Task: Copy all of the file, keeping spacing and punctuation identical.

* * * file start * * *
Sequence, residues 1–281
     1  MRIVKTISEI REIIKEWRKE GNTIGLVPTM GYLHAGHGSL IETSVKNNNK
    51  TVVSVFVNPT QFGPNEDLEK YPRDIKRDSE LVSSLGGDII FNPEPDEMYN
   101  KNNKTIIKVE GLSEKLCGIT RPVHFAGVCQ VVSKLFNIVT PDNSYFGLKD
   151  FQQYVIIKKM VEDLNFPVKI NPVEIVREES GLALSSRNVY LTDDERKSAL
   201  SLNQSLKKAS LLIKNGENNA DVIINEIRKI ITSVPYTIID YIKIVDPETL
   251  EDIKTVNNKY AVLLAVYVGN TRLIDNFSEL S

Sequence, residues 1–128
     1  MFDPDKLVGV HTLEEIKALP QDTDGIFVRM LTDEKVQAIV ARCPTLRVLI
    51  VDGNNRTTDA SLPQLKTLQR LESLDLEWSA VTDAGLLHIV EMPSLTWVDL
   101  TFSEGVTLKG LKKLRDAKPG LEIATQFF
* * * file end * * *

Sequence, residues 1–281
     1  MRIVKTISEI REIIKEWRKE GNTIGLVPTM GYLHAGHGSL IETSVKNNNK
    51  TVVSVFVNPT QFGPNEDLEK YPRDIKRDSE LVSSLGGDII FNPEPDEMYN
   101  KNNKTIIKVE GLSEKLCGIT RPVHFAGVCQ VVSKLFNIVT PDNSYFGLKD
   151  FQQYVIIKKM VEDLNFPVKI NPVEIVREES GLALSSRNVY LTDDERKSAL
   201  SLNQSLKKAS LLIKNGENNA DVIINEIRKI ITSVPYTIID YIKIVDPETL
   251  EDIKTVNNKY AVLLAVYVGN TRLIDNFSEL S

Sequence, residues 1–128
     1  MFDPDKLVGV HTLEEIKALP QDTDGIFVRM LTDEKVQAIV ARCPTLRVLI
    51  VDGNNRTTDA SLPQLKTLQR LESLDLEWSA VTDAGLLHIV EMPSLTWVDL
   101  TFSEGVTLKG LKKLRDAKPG LEIATQFF